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Tragic Pathos
Pity and Fear in Greek Philosophy and Tragedy

$103.00 (C)

  • Date Published: December 2011
  • availability: In stock
  • format: Hardback
  • isbn: 9780521765107

$ 103.00 (C)

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About the Authors
  • Scholars have often focused on understanding Aristotle's poetic theory, and particularly the concept of catharsis in the Poetics, as a response to Plato's critique of pity in the Republic. However, this book shows that, while Greek thinkers all acknowledge pity and some form of fear as responses to tragedy, each assumes for the two emotions a different purpose, mode of presentation and, to a degree, understanding. This book reassesses expressions of the emotions within different tragedies and explores emotional responses to and discussions of the tragedies by contemporary philosophers, providing insights into the ethical and social implications of the emotions.

    • Proposes a new understanding of pity and fear as responses to tragedy in ancient Greece
    • Shows how Greek thinkers such as Gorgias, Plato and Aristotle developed unique accounts of the tragic emotions
    • Compares philosophical accounts of the emotions to descriptions of pity and fear in tragedies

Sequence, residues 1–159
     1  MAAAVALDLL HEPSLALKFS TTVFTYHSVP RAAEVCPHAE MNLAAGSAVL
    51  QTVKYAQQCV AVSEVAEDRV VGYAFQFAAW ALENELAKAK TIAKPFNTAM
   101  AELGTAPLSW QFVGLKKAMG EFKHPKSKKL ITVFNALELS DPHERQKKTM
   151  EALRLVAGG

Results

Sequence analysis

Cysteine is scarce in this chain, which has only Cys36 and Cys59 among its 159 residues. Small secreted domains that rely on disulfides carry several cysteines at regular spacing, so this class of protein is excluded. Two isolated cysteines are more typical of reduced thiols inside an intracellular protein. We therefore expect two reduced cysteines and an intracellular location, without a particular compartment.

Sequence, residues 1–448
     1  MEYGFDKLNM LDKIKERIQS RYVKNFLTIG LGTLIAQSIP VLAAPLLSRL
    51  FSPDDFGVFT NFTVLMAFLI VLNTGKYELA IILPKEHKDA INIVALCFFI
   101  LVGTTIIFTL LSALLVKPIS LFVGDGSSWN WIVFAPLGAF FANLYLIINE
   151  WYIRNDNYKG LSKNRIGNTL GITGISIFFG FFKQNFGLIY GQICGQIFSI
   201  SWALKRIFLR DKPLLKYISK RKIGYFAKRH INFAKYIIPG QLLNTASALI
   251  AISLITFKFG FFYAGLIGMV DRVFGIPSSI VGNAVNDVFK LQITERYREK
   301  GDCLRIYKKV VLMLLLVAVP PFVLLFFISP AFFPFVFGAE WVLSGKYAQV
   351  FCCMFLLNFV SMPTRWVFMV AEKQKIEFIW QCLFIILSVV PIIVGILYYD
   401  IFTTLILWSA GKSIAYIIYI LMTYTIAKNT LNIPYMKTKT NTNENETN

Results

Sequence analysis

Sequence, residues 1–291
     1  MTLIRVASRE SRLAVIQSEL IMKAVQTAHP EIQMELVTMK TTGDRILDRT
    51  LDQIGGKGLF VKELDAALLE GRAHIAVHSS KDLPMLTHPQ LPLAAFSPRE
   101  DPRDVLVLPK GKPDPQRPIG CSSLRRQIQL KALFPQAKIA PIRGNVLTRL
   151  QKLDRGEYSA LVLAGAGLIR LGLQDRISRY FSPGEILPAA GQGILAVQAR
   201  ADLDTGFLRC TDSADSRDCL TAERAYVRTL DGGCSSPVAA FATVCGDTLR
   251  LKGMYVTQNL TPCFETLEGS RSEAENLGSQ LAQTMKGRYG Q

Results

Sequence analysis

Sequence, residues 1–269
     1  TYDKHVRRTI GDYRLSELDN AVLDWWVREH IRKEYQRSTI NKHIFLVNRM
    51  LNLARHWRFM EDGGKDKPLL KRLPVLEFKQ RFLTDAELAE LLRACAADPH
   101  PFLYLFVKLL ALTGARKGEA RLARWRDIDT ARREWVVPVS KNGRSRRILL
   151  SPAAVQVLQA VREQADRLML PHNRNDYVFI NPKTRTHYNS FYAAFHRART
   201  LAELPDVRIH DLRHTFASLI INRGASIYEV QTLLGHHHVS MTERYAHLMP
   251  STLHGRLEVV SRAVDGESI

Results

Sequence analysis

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    Product details

    • Date Published: December 2011
    • format: Hardback
    • isbn: 9780521765107
    • length: 292 pages
    • dimensions: 234 x 160 x 20 mm
    • weight: 0.59kg
    • availability: In stock
  • Table of Contents

    Part I. Theoretical Views about Pity and Fear as Aesthetic Emotions:
    1. Drama and the emotions: an Indo-European connection?
    2. Gorgias: a strange trio, the poetic emotions
    3. Plato: from reality to tragedy and back
    4. Aristotle: the first 'theorist' of the aesthetic emotions
    Part II. Pity and Fear within Tragedies:
    5. An introduction
    6. Aeschylus: Persians
    7. Prometheus Bound
    8. Sophocles: Ajax
    9. Euripides: Orestes
    Appendix: catharsis and the emotions in the definition of tragedy in the Poetics.

  • Author

    Dana LaCourse Munteanu, Ohio State University
    Dana Munteanu is Assistant Professor in the Department of Greek and Latin at Ohio State University. She has published articles on Aristotle, Greek drama and the reception of classics in modern literature and in opera, as well as editing a forthcoming collection of essays on emotion, gender and genre in antiquity. Her future research projects include a monograph on 'staged death' in Greek drama and an interdisciplinary project on the ethics of aesthetics.

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